Time for a complete re-think of how schools are funded with accent on simplicity and fairness. What if each child carries a government (federal, state or combination) allowance for education. They attend the school of parental choice. In areas of poverty, school funds are topped up with govt grants and in other areas topped up by parents

Chris Halloway | 07 August 2018  

Like BPLF, I also query the relevance of Catholic schools. There are 300 kids at our parish school. None of them are regulars at weekend mass, about 5 turn up sometimes. I hope that the school can teach them maths better than it teaches religion.

Joe | 07 August 2018  

Irrespective of deficiencies, real and perceived, the fact is that Catholic schools are still recognized by many parents as desirable centres for learning and formation of their young. Undoubtedly the socio-religious demographic of Catholic schools has changed, as BPLF and John Frawley note - not least among the changes being the transmissioning of primary and secondary schools formerly administered and staffed by religious orders. to laity - Catholic and, to some extent, non-Catholic. Catholic schools today reflect a changed Australian society and inevitably face the challenges this reality brings. However, their mandate remains the same: to make Christ known and loved, expressed in a service that strives practically to transform society for the better. The efforts of religious orders to entrust and transmit the charism of their founders to staff in these changed and changing circumstances, and the willingness of staff to familiarise themselves with and live out those charisms deserves, I believe, encouragement and support, especially from Catholic parents. Changed and changing times call for the "new evangelisation" called for by Pope John Paul II and, before him Paul VI in his radically relevant encyclical Evangelii Nuntiandi. Bishop Vincent Long Nan Nguyen in his 21018 Marian Lecture, "A New generation of Church in the Way of Mary", presents an inspiring and viable vision for our times based on these sources.

John | 07 August 2018  

Fr Patrick Crudden was sacked as Director of the Catholic Education Centre of the Archdiocese of Melbourne in March 1970 by Cardinal James Knox for exposing illegal anti-competitive product differentiation in education provision by the state and the Catholic Church and advising the Cardinal to close all the Catholic schools. So we have reaped what was sown in the child sexual abuse by purported consecrated celibates that is directly connected to this fraudulent collusion. Catholic social justice personnel in advocating for a nominalist individualism in discernment in forming conscience have allowed family members using Catholic education to line their pockets at the expense of the harm done to the abused. Oliver Clark, Job's Trust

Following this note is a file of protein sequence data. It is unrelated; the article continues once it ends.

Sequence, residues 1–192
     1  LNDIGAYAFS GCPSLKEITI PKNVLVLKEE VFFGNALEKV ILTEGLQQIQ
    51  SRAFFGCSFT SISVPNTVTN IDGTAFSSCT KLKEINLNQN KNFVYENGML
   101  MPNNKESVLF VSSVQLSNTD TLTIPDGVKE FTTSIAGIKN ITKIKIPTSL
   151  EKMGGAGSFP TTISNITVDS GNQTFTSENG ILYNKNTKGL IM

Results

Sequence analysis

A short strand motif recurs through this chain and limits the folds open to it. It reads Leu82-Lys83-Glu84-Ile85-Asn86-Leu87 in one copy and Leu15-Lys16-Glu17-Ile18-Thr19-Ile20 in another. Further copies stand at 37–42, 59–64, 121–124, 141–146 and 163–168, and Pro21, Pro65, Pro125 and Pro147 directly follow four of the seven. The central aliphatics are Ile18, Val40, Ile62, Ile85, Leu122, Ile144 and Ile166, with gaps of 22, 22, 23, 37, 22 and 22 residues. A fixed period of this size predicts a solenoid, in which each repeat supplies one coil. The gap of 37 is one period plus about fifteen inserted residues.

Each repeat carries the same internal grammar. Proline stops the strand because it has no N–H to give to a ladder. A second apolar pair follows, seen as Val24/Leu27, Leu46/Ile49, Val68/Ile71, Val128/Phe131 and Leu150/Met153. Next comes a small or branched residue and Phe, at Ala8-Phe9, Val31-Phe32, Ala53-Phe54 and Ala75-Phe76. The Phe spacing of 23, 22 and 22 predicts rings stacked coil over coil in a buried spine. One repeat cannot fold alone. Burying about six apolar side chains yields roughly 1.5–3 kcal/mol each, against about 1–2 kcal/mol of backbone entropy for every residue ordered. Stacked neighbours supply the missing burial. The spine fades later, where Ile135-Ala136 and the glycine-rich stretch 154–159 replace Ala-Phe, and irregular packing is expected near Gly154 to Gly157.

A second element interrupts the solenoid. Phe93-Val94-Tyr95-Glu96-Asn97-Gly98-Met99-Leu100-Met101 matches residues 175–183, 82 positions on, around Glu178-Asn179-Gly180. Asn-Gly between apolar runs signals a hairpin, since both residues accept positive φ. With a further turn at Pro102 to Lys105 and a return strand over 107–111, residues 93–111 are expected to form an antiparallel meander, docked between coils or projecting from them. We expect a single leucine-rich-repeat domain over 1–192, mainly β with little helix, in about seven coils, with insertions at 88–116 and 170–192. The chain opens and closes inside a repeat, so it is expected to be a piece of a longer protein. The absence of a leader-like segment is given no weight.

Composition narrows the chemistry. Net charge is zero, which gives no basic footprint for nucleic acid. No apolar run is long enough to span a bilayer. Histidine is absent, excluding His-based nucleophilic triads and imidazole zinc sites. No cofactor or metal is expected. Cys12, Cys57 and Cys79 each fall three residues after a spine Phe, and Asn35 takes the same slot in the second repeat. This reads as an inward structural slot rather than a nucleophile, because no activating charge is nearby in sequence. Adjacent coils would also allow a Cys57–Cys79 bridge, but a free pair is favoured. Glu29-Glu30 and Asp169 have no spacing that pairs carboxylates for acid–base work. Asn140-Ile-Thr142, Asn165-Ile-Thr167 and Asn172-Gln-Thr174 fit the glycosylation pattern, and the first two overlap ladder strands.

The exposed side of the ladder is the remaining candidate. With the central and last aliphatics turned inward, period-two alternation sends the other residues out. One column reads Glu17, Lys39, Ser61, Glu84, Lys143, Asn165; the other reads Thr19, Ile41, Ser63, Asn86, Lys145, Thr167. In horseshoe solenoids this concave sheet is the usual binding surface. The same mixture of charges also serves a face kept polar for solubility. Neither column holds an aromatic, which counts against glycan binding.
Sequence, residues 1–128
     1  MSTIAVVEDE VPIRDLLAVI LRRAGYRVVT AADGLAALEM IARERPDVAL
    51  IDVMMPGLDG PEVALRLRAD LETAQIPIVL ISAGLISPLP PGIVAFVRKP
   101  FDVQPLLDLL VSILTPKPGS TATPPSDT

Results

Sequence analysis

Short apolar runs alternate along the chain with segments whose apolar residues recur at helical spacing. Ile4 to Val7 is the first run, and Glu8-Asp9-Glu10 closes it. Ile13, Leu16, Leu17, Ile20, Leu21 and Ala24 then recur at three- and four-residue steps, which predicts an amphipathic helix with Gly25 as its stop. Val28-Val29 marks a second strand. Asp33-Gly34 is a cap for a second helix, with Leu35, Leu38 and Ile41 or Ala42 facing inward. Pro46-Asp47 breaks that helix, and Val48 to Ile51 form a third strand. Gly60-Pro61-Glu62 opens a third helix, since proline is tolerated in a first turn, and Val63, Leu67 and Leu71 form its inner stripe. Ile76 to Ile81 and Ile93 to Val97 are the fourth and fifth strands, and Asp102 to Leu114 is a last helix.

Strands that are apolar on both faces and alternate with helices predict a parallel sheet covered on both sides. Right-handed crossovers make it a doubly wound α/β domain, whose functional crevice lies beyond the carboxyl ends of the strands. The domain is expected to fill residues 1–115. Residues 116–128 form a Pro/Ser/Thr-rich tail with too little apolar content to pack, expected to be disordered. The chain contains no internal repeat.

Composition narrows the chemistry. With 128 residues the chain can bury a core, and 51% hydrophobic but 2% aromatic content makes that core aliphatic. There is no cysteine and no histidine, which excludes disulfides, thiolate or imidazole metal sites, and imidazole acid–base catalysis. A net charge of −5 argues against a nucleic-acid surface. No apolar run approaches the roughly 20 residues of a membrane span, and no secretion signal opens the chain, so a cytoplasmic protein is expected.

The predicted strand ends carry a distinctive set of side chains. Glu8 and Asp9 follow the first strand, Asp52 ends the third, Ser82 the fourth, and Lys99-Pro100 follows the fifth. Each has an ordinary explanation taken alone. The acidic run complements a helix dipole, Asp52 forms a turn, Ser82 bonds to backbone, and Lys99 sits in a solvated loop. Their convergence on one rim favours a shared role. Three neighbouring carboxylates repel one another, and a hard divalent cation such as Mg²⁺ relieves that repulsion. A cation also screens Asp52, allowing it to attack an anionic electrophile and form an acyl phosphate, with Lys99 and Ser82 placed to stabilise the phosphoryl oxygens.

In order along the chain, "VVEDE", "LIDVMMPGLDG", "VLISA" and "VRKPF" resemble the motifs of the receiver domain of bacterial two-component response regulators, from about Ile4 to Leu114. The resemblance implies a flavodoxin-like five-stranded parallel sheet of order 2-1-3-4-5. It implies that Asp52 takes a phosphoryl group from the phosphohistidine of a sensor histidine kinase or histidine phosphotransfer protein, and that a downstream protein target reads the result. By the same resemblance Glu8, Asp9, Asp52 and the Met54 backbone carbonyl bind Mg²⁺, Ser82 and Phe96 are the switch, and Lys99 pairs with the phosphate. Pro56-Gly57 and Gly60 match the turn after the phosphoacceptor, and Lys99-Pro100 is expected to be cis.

Oliver Clark | 08 August 2018  

Thank you Frank for your usual considered review of the issues. It seems to me that the bandaids are no longer doing the job and probably haven't for some time We need a radical rethink of "state aid" to non government schools. SES scores do not appear to be working. Income based models may be a good starting point. The ingredients to an acceptable outcome will be many. Let's get on with the debate and see if we can sort this rotating chestnut once and for all.

Peter Hoban | 08 August 2018  

I would like to inform BPLF and other readers that non-Catholic students make up less than 30% of students in the Catholic school system. Many of these students are in regional and remote areas. What is not addressed in Frank's article is the unfair application of the SES methodology. Perhaps it is too difficult to explain within the word limit, but the outcomes it has delivered have been unfavourable to Catholic schools, particularly primary schools. For example, Trinity Grammar in Sydney's inner west has a lower SES score (114) than about 60 Catholic primary schools in NSW. Despite charging average annual fees of more than $24,000, it receives $5,969 per primary student per year in government funding. St Brendan's primary school in nearby Annandale attracts only $2191 per student because it has a higher SES score (126). We are meant to accept that the parents who send their primary school children to Trinity Grammar need more government funding support than those who send theirs to St Brendan's.

Jim | 08 August 2018  

The system is a total, unique-in the-world mess. The solution is simple: the state provides free, compulsory, secular education, and that's all. The state should not be in bed with 'religions'. Religion is a private matter and people can make private arrangements for any religious education of their children - if they can be bothered, and let's see how many that would be!

Russell | 08 August 2018  

Jim says, ‘What is not addressed in Frank's article is the unfair application of the SES methodology.’ I did however point out that in the wake of the Chaney review: ‘There is agreement that this principle is more fairly applied if the base payment is related more to the parents' personal income, rather than an averaging of family incomes in geographic areas.’ The examples given by Jim highlight the problems which arise when the SES methodology is premised on the averaging of family incomes in geographic areas rather than on the parents’ personal income.

Frank Brennan SJ | 08 August 2018